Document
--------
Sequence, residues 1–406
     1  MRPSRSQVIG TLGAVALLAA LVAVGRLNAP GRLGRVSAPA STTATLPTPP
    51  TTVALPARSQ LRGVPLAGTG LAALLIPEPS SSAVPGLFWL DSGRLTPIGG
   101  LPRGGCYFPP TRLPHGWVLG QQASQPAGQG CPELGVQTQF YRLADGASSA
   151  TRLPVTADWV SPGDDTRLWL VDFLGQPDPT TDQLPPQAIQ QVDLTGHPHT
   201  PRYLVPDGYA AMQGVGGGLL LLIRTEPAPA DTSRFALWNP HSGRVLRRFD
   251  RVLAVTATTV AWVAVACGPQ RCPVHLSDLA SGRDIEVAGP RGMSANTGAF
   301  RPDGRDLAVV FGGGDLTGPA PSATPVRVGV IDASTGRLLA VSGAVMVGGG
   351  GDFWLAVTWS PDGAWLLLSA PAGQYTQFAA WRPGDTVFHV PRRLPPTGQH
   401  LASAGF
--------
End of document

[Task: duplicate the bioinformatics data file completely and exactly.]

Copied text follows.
Sequence, residues 1–406
     1  MRPSRSQVIG TLGAVALLAA LVAVGRLNAP GRLGRVSAPA STTATLPTPP
    51  TTVALPARSQ LRGVPLAGTG LAALLIPEPS SSAVPGLFWL DSGRLTPIGG
   101  LPRGGCYFPP TRLPHGWVLG QQASQPAGQG CPELGVQTQF YRLADGASSA
   151  TRLPVTADWV SPGDDTRLWL VDFLGQPDPT TDQLPPQAIQ QVDLTGHPHT
   201  PRYLVPDGYA AMQGVGGGLL LLIRTEPAPA DTSRFALWNP HSGRVLRRFD
   251  RVLAVTATTV AWVAVACGPQ RCPVHLSDLA SGRDIEVAGP RGMSANTGAF
   301  RPDGRDLAVV FGGGDLTGPA PSATPVRVGV IDASTGRLLA VSGAVMVGGG
   351  GDFWLAVTWS PDGAWLLLSA PAGQYTQFAA WRPGDTVFHV PRRLPPTGQH
   401  LASAGF